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Perspectives on East Africa: 3) Lake Manyara National Park

1999 Tanzania.  Lake Manyara 001

The last safari destination we visited in Tanzania was Lake Manyara National Park.  We left our camp after breakfast and drove the Ngorongoro Crater Rim Drive through misty rain-forest   We stopped for some memorable views and then left the Ngorongoro Crater.  After having spent a week in the wilderness, the transition to “civilization” was abrupt and not pretty, with many poorly kept homes, scrawny domesticated animals, and lots of people.  We drove east past farming fields, though with no crops really growing  — off season, I guess (normally corn, wheat, millet and coffee are grown).  There were many towns and villages but no cities and also no wildlife.

By late morning our travels bring us to Lake Manyara National Park.  Lake Manyara is a large alkaline (soda) lake nestled at the eastern base of the Great Rift Valley escarpment, the park occupying the western half of the Lake’s shore.   This map (at the bottom of the page) might help orient you.  The park is lush and green, with large trees and fairly dense vegetation, the thickness of the foliage hiding the animals and not making for ideal game viewing.  As it’s the rainy season there’s a lot of flooding in the lowlands, so we can’t even approach the shore of the lake to view its vast flocks of flamingos.  Still we see large troops of baboons and blue monkeys, many elephants and giraffes, and dozens and dozens of different species of birds (for birders, this is probably the best destination in Tanzania).  Lake Manyara Park is famous for its “tree-climbing” lions (admittedly an uncommon behavior for these big cats), although we didn’t see any.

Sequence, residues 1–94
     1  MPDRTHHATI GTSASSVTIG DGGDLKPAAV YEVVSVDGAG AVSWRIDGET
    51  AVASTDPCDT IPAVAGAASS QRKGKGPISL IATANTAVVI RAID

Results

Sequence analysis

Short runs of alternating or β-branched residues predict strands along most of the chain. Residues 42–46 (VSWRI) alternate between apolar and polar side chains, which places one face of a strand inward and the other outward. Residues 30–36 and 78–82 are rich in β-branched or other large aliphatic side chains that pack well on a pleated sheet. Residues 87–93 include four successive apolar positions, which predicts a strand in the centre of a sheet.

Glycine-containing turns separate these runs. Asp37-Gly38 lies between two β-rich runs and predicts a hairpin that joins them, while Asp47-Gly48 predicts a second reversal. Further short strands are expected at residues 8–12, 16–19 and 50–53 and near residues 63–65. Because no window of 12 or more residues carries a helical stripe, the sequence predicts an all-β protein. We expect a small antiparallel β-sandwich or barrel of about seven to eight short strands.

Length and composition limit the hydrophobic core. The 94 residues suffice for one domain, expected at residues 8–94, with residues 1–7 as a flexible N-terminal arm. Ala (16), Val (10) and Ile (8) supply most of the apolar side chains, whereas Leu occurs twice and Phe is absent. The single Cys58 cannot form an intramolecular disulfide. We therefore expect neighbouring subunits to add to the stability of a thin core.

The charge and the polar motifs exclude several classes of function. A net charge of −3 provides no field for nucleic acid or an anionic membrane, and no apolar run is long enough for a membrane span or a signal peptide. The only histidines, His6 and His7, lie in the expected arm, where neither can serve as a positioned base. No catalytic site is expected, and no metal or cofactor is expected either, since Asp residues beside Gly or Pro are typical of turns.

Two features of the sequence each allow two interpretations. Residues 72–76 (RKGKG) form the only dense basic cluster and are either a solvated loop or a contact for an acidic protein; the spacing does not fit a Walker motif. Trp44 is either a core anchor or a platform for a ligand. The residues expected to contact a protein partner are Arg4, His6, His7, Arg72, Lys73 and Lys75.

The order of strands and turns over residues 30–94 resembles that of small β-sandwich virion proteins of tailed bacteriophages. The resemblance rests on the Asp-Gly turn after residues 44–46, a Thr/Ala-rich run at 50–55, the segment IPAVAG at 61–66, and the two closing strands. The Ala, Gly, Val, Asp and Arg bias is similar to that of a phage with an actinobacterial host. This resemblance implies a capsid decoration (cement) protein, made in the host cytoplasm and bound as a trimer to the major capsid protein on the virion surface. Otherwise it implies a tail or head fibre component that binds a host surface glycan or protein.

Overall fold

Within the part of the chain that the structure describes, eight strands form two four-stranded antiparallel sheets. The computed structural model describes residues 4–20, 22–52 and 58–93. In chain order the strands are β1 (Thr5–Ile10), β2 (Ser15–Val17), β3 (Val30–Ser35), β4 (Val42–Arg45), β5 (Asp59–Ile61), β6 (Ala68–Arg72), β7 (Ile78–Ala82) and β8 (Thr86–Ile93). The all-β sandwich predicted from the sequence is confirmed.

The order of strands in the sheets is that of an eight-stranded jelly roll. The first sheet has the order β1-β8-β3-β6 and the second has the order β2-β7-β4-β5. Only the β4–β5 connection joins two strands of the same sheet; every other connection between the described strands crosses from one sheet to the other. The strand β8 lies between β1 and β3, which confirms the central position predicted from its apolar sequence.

Elephant, Lake Manyara

After a few hours of exploring the parts of the flooded park that were still accessible, we make for the Lake Manyara Serena Lodge.  This lodge sits high on the rim of the Rift Valley, with great views of Lake Manyara to the east.  Our guide, Alex Lemunge, gives us a detailed briefing of our next activity, the trek up Mt. Kilimanjaro.  The next morning we head to Arusha to shop, relax, and organize ourselves for this trek.

I have to admit that after leaving the wonderful Ngorongoro Crater, a visit to Lake Manyara was anticlimatic.  I wish we’d done the trip in reverse, traveling to Lake Manyara first, then heading to the Crater and the Serengeti.  Still, how can you complain when you’re enjoying a magnificent sunrise over the lake viewed from the comfort of your room, listening to the noise of monkeys scrambling across your roof and the tunes of dozens of songbirds.

(Click on thumbnails to enlarge, right arrow to advance slideshow)

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6 Responses to Perspectives on East Africa: 3) Lake Manyara National Park

  1. Mari Musante says:

    Africa is such an amazing place! So many animals to see and birds too! What a wonderful opportunity
    to be able to go to Kenya and Tanzania. Have you been to other places or Preserves in Africa?

    Mari Musante

    • Dr. Fumblefinger says:

      Thanks for your kind note, Mari. Nice to hear from you! Yes, Africa is really a wonderful place! I’ve been on Safari twice, once to Tanzania and once to Botswana (Okavango Delta and Chobe N.P.). Both destinations were great experiences, though if I had to pick out one spot I’d say the setting of the Ngorongoro Crater, with its large number and diversity of animals, will always have a special place in my heart.

  2. PamelaDuckie says:

    I always love all your pictures and blogs. Thank you for sharing them with us and taking us to places where we wish we could go!
    We miss you down here! Merry Christmas to you and your family!

    • Dr. Fumblefinger says:

      Thanks, Duckie! Having a good time in the Great White North and enjoying the new job, though I do miss my many friends in Spokane.
      Merry Christmas to you and yours as well!

  3. Bryan says:

    Its great to see more detailed posts of your time in Africa. I find the plethora of links particularly interesting.

    • Dr. Fumblefinger says:

      Thanks, Bryan! If you and Evan are game, maybe we can do a family trip to African sometime in the next few years and go on Safari. I think my best travel experiences have been to Africa. See you over the holidays. Love you, son!